Introducing the Government Hall of Fame Class of 2021
From the first career civil servant to the head of the Smithsonian, it’s an exemplary group.
In 2019, Government Executive launched the Government Hall of Fame with a singular purpose: to provide the kind of recognition for government’s all-time greats that luminaries in other fields have long received. With all of the challenges that the federal government has had to take on since then, it’s more important than ever to honor those who have demonstrated sustained achievement and unparalleled dedication to public service throughout their careers.
Today, we’re announcing the Class of 2021 of the Hall of Fame. Its members include the first Treasury Secretary, the first career civil servant, a hugely important environmentalist and the current head of the Smithsonian Institution. All of the inductees will be honored at a virtual Hall of Fame broadcast on Oct. 21.
Later this week, we’ll announce the winners of this year’s Theodore Roosevelt Government Leadership Awards, which honor an annual all-star team of top federal performers. A series of broadcasts highlighting the Teddy winners will follow starting Oct. 25. Sign up now to get updates on the proceedings.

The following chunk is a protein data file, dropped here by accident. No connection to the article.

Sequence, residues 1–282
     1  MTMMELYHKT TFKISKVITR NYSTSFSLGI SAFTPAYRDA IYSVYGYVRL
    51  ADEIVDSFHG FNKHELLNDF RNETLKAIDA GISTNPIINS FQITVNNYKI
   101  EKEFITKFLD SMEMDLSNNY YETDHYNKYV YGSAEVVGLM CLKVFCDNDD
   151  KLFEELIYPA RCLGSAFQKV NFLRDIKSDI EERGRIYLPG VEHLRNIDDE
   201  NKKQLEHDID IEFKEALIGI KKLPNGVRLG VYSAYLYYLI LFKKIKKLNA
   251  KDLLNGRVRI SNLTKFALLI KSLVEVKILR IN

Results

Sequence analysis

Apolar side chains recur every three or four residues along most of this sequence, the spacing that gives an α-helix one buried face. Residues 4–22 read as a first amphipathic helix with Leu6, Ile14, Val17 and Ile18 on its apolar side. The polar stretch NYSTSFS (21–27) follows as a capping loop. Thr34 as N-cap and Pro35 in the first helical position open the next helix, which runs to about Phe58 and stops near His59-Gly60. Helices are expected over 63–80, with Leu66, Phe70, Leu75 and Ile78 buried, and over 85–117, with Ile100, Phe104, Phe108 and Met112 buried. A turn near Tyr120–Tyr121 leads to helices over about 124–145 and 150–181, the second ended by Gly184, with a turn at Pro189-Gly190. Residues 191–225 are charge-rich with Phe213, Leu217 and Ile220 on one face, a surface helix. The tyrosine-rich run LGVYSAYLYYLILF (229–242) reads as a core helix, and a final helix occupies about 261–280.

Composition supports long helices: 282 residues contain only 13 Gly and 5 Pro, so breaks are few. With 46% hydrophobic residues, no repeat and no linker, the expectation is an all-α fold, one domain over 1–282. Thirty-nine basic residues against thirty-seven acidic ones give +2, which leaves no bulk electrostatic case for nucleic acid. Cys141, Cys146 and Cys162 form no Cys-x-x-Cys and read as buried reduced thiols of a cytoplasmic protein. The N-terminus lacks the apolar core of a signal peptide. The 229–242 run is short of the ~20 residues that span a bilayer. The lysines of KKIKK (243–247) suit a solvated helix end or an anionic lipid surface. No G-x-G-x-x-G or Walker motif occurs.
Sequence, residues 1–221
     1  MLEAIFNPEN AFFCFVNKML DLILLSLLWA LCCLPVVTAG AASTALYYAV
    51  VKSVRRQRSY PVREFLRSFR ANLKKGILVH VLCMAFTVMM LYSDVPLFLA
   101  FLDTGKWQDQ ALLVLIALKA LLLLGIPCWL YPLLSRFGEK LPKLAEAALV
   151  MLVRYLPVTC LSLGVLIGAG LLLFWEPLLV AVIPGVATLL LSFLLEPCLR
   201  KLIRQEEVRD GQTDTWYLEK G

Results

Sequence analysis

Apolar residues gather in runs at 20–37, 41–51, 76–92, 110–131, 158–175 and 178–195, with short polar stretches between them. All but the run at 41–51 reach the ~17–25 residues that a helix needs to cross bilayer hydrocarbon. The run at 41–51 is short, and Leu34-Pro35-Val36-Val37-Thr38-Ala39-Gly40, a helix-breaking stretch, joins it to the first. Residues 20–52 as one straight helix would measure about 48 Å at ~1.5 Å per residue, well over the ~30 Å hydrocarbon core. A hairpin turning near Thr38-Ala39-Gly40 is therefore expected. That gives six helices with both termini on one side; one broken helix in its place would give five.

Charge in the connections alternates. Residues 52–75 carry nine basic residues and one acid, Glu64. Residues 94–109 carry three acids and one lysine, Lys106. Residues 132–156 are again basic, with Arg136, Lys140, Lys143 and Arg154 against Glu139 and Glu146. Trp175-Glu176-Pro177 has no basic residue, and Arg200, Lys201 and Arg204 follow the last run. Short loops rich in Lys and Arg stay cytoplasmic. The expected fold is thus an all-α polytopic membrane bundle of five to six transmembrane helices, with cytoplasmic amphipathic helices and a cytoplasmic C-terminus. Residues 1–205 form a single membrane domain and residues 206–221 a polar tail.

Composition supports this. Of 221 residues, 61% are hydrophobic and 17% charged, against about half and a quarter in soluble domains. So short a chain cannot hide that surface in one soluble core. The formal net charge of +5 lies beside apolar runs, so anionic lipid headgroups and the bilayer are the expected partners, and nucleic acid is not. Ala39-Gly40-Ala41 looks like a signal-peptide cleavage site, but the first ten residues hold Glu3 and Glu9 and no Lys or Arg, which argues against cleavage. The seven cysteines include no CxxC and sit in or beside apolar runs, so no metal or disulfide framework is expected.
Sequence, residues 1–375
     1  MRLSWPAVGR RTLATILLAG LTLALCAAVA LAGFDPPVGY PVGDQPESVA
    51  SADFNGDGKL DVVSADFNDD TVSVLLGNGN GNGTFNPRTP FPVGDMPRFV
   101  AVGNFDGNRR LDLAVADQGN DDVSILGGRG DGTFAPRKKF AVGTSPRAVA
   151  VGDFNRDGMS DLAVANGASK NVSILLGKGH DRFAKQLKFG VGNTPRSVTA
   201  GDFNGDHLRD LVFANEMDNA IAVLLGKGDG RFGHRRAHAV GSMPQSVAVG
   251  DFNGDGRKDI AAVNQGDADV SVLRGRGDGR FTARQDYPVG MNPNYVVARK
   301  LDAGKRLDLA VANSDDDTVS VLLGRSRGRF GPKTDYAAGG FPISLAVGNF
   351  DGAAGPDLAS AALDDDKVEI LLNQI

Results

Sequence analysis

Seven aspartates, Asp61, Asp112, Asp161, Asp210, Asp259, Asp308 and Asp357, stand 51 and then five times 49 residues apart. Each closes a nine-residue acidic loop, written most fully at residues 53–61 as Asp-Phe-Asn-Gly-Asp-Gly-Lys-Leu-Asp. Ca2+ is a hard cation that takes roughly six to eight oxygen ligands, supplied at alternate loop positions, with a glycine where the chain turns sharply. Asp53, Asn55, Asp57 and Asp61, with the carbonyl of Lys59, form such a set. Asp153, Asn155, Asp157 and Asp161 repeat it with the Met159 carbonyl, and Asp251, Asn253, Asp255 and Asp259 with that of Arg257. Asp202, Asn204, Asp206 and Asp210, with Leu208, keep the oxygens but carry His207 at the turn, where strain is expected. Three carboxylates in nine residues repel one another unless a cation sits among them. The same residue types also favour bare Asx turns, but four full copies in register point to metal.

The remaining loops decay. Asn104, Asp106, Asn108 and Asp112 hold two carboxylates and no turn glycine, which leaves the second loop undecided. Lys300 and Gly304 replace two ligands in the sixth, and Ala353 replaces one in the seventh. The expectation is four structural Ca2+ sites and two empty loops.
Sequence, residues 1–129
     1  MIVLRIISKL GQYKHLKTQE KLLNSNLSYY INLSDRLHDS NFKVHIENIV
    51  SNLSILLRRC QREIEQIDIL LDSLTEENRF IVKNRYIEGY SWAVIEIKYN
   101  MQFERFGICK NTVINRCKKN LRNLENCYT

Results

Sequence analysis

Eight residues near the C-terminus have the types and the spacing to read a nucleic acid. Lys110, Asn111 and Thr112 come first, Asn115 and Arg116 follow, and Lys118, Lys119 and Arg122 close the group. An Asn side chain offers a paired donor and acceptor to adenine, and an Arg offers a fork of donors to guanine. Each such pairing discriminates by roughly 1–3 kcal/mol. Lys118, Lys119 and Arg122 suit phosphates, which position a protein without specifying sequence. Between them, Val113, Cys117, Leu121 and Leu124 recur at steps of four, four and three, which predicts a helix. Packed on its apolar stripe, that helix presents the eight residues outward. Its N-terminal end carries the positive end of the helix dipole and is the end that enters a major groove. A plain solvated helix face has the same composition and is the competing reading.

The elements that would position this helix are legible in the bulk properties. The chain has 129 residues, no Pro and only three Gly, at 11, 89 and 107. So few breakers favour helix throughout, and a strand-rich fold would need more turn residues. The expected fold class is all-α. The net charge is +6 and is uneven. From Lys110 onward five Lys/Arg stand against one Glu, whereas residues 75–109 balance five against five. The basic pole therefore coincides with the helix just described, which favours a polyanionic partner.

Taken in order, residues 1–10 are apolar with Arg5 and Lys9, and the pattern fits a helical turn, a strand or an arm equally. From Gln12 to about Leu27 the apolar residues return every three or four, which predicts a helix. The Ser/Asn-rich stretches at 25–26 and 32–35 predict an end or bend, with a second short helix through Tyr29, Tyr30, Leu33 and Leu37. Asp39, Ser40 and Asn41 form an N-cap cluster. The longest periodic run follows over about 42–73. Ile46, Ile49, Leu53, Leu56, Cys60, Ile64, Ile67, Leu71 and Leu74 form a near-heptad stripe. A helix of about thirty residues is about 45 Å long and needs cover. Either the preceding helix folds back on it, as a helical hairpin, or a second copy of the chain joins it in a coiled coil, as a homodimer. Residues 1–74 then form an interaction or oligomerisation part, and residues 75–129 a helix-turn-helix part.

In the meantime, here are the distinguished members of the Government Hall of Fame Class of 2021:
Lonnie Bunch III
As secretary of the Smithsonian Institution, Bunch oversees 19 museums, 21 libraries, the National Zoo and numerous other research and educational units. He was previously director of the Smithsonian’s National Museum of African American History and Culture, which he took from an idea to a well-respected and highly popular destination. Earlier in his career, Bunch, who has won numerous prizes and honors for his work, also served in multiple positions at the Smithsonian’s National Museum of American History, including associate director for curatorial affairs.
Carson, whose writing in Silent Spring and other books inspired the modern environmental movement, got her start as a biologist and writer with a part-time position at the U.S. Bureau of Fisheries (later the Fish and Wildlife Service) in 1935. A year later, she was appointed a junior aquatic biologist, one of only two women in professional positions at the agency. She rose through the ranks, eventually shifting to oversee all FWS publications as editor in chief, before leaving the agency in 1952 to focus full time on writing. Her work was a major factor in the creation of the Environmental Protection Agency.